Lansbury may well have become one of our finest historians: Manning Clark had wanted her to do her PhD on Dickens under him at ANU, and regretted her departure to New Zealand. When her third husband moved to the US to teach, Lansbury followed him. There was not much demand to study Australian history in America, so she concentrated on English literature, publishing three more scholarly works and eventually became a celebrated professor and then dean at Rutgers University in New Jersey.

As Nolan argues, Lansbury’s decision to move overseas, and to switch academic disciplines, prevented her having a more substantial impact in Australia. So did her decision, in the mid-eighties – famously provoked by her distant cousin, Murder, She Wrote star Angela Lansbury – to stop writing “dreary academic books that nobody reads”.

Born to Rule: The unauthorised biography of Malcolm Turnbull is out now.

Lansbury turned to writing hilarious novels, variously described as ‘bodice-rippers’ or ‘bedroom farce’, suffused with her learning and enjoying moderate critical success. Four were published – Felicity, Ringarra, The Grotto and Sweet Alice­ – and Malcolm Turnbull took on the job of finishing a fifth manuscript, Opium, which was slated for publication when she died of bowel cancer, in 1991.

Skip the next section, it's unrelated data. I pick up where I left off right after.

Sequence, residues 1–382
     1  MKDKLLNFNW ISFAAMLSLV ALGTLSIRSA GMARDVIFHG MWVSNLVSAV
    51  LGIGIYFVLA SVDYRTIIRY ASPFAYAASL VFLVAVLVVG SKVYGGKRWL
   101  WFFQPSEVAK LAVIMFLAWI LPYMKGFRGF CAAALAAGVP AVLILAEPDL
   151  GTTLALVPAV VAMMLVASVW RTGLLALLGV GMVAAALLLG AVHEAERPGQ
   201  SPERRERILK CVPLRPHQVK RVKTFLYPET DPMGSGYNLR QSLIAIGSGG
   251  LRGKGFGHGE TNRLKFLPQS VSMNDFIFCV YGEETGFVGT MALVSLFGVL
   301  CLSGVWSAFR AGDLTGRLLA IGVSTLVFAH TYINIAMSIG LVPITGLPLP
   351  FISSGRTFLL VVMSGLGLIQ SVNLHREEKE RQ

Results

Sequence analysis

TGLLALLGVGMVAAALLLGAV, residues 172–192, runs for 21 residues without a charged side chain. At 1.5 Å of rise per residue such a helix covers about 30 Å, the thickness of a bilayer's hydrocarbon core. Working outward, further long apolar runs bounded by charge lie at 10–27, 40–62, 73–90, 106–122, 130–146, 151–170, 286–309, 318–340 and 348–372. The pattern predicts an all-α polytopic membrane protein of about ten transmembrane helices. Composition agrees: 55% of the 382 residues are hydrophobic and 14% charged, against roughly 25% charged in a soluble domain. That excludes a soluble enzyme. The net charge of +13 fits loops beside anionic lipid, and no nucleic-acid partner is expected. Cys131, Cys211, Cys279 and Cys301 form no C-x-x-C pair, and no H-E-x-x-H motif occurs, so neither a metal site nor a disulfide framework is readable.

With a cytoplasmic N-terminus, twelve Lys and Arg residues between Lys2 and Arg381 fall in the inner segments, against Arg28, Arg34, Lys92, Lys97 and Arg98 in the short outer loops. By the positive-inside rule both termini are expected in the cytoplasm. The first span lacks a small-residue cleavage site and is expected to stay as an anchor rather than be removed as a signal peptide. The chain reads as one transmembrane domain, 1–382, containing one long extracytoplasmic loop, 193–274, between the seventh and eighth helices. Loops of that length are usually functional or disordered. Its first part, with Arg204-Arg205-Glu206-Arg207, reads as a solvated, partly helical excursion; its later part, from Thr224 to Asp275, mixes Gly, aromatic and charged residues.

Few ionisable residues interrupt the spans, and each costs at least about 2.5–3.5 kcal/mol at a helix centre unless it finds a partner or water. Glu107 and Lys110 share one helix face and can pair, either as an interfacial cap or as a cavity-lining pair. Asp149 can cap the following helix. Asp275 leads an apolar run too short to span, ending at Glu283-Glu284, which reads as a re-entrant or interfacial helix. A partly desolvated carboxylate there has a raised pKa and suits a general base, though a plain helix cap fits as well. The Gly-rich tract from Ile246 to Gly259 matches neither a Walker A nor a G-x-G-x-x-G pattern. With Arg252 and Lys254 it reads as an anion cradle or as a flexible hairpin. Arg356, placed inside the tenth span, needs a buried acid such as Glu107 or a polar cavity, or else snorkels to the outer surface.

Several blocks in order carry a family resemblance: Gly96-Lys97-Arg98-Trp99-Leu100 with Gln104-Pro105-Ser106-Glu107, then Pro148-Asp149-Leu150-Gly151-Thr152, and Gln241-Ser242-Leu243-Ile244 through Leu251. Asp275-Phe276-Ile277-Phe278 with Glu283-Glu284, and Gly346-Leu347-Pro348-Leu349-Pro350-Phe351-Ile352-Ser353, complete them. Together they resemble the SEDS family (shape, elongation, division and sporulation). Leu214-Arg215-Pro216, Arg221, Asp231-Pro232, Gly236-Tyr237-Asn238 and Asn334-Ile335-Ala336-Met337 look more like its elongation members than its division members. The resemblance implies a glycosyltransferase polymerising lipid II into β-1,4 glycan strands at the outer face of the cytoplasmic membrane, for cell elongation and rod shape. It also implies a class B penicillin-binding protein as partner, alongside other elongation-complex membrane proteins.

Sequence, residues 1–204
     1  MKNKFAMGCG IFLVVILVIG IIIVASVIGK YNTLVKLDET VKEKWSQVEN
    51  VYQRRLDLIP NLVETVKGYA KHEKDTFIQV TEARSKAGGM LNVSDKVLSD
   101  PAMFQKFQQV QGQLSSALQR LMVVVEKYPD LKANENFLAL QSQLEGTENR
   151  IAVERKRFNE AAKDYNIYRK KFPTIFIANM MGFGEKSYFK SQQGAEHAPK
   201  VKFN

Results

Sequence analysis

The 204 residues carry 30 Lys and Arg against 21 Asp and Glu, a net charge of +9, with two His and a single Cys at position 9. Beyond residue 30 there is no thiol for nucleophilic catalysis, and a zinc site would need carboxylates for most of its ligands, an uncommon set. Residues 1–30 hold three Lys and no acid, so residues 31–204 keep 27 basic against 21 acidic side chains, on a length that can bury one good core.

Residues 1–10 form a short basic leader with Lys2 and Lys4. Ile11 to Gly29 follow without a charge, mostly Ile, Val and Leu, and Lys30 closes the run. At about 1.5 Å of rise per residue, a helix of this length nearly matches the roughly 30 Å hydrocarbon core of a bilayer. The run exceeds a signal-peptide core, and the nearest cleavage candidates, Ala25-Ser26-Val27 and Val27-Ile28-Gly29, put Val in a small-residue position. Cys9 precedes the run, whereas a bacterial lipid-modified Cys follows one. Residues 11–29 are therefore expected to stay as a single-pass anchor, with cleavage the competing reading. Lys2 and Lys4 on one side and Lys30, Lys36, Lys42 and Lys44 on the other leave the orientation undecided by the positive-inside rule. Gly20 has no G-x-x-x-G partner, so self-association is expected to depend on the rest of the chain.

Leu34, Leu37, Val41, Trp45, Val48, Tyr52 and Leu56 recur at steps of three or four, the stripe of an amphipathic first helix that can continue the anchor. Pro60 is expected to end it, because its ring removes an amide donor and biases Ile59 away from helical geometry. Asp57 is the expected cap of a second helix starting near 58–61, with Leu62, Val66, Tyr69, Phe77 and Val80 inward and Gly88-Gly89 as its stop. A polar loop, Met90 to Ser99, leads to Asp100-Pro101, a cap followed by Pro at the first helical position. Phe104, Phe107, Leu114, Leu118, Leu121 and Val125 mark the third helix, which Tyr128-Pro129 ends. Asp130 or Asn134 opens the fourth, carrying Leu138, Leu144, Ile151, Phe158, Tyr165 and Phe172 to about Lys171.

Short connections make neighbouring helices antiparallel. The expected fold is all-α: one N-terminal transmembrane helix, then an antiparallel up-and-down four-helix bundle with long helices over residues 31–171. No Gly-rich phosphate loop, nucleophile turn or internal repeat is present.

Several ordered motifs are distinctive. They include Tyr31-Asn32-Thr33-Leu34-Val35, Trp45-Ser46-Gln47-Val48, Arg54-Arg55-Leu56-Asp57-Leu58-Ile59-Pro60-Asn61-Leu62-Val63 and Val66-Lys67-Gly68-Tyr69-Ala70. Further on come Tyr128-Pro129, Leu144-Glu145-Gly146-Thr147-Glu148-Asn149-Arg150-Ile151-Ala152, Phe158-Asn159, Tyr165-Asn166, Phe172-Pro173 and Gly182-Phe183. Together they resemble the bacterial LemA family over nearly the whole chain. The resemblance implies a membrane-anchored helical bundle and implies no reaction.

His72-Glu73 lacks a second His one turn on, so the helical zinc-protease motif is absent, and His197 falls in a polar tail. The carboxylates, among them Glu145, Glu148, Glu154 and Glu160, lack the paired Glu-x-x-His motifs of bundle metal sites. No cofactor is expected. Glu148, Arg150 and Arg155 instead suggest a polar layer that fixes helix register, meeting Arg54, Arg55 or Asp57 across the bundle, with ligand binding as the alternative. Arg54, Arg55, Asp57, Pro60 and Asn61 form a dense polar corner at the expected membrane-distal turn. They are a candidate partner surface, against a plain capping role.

No doubt there is much of Lansbury’s intellect and erudition in Turnbull, and he paid her a spontaneous, heartfelt tribute in 2007 when, at a charity bike race to raise funds for the cancer ward at Sydney’s Prince of Wales Hospital, he broke in tears down just metres from the starting line as her death came back to him: “She’s indelibly in my head. I don’t want to forget her. She was a really remarkable, legendary, colourful person.”

Paddy Manning is the author of Born to Rule: The unauthorised biography of Malcolm Turnbull (MUP), out now. Mamamia readers use the discount code BORN20 at the  checkout for 20 percent off print edition copies of Born to Rule. The offer will be valid through to December 31, 2015 and includes free shipping.

Melanie Nolan, ‘Channelling George? Coral Lansbury, the Australian ethos, The Legend and Arcady’ unpublished paper to the School of History Seminar Series, CASS, ANU, 20 May 2015.)